NAIROBI – Kenya’s lawmakers Thursday backed a motion to pull out of the International Criminal Court, an angry snub to The Hague-based tribunal ahead of next week’s trial of Kenyan Vice President William Ruto.
The symbolic vote offers a defiant message to the ICC but does not affect upcoming trials of the East African nation’s leadership, and parliament must now vote on a bill within 30 days to formalize steps for an actual withdrawal.
Kenya is the first country to hold such a vote to leave the world court.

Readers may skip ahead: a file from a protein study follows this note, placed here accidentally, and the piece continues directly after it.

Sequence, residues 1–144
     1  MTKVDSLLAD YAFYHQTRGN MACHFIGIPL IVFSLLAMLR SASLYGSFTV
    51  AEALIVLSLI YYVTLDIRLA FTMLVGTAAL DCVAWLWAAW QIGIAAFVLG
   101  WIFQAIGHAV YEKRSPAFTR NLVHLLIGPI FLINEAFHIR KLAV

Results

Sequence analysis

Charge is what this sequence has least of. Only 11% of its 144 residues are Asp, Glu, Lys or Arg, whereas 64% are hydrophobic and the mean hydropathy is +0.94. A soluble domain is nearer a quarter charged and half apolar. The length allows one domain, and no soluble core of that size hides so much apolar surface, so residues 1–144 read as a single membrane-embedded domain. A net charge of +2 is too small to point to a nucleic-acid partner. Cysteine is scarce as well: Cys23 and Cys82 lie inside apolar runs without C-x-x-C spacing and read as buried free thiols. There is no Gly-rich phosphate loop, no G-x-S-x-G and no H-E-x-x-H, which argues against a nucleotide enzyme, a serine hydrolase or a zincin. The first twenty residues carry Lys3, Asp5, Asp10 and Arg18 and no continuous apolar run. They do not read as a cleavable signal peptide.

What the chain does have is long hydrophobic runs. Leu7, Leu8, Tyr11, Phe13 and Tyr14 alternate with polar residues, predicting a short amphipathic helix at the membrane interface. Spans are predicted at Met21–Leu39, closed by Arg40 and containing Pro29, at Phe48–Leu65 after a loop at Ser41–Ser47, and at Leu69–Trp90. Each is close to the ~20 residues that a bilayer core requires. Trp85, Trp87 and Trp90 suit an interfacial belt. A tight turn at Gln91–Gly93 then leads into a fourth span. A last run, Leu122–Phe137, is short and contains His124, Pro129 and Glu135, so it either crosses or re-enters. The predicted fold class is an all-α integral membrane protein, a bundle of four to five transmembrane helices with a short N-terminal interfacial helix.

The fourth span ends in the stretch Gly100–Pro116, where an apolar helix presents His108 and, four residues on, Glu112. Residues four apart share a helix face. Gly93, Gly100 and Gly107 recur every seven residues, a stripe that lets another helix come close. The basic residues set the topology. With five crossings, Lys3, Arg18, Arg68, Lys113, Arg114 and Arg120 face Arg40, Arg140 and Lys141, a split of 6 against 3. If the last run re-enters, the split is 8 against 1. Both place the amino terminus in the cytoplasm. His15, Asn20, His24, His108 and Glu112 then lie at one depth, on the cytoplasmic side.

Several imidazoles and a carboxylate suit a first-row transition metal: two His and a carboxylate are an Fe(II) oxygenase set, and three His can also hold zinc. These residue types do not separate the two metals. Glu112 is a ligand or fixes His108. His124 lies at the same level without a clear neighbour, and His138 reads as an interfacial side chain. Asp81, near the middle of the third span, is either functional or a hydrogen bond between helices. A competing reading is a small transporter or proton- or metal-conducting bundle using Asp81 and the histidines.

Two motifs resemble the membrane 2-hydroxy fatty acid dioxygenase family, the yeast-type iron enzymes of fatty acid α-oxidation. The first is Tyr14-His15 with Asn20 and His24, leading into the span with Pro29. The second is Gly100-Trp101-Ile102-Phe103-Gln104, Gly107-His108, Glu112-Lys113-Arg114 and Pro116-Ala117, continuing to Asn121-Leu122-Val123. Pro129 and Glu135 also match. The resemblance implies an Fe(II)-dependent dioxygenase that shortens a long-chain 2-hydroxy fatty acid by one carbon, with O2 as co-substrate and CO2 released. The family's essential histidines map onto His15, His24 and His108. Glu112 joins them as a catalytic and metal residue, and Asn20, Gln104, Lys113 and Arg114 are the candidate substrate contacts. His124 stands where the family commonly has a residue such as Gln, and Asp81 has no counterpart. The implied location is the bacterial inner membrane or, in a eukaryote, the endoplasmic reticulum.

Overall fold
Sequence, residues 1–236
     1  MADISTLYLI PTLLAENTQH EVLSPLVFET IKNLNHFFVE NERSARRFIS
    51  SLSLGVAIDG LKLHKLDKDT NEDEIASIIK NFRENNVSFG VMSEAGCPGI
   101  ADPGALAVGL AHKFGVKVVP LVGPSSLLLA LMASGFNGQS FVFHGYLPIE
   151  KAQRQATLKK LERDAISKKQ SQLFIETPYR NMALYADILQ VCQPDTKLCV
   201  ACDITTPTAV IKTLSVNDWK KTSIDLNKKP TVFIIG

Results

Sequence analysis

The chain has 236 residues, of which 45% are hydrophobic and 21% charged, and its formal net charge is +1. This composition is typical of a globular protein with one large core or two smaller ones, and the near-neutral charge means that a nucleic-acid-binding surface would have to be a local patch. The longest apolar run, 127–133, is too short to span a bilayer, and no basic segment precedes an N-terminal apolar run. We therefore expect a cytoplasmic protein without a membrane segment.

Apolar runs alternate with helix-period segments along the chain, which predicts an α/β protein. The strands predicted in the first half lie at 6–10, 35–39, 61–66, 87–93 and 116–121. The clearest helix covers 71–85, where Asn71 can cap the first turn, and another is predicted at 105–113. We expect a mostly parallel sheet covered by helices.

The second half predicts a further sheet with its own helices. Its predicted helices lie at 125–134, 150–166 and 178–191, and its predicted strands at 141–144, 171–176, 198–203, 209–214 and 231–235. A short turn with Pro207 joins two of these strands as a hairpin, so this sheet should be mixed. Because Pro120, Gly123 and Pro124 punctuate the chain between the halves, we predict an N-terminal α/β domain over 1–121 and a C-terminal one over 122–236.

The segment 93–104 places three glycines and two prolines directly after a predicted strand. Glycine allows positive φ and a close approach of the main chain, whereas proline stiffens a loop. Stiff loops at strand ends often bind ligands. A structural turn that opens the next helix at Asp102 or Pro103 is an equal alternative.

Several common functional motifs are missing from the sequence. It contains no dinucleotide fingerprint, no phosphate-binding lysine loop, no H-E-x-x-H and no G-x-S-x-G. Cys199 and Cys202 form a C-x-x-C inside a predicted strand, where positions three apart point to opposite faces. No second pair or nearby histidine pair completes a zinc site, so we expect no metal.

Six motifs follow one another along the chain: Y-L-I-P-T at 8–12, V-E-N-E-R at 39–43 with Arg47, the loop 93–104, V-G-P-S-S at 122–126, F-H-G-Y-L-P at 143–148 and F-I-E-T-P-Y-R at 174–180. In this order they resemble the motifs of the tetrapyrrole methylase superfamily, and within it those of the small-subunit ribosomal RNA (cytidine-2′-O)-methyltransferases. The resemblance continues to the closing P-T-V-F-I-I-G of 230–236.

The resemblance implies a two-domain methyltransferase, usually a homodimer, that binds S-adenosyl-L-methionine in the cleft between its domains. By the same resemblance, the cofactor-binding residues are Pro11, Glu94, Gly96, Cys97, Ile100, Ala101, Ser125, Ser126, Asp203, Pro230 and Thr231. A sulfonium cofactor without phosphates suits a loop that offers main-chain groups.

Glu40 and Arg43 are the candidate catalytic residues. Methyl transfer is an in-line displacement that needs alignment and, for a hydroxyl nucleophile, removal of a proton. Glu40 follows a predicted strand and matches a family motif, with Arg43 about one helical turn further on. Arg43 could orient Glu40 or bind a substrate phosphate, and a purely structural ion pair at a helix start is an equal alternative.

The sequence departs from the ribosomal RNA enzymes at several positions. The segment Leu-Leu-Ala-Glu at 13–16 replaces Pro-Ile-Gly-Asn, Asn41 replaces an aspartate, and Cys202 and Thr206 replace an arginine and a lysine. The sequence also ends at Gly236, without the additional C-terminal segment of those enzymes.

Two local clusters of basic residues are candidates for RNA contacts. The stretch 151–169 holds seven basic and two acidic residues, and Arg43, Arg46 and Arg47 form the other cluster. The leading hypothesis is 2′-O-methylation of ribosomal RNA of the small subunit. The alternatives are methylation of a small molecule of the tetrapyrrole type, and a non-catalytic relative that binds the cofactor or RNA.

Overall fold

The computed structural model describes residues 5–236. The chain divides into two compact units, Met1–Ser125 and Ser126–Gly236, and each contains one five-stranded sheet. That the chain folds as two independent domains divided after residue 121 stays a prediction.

On Tuesday, the ICC trial opens of Ruto on three counts of crimes against humanity for allegedly orchestrating 2007-2008 postelection unrest that killed at least 1,100 people and displaced more than 600,000.
Ruto’s trial comes about two months ahead of that of Kenyan President Uhuru Kenyatta, who faces five charges of crimes against humanity, including murder, rape, persecution and deportation.
Both Kenyatta and Ruto have said they will cooperate fully with the court and deny the charges against them.
Also due to appear in The Hague is radio boss Joshua Arap Sang, accused of inciting violence.
Many Kenyan politicians have branded the ICC a “neo-colonialist” institution that only targets Africans, prompting the debate on a possible departure from the Rome Statute of the ICC.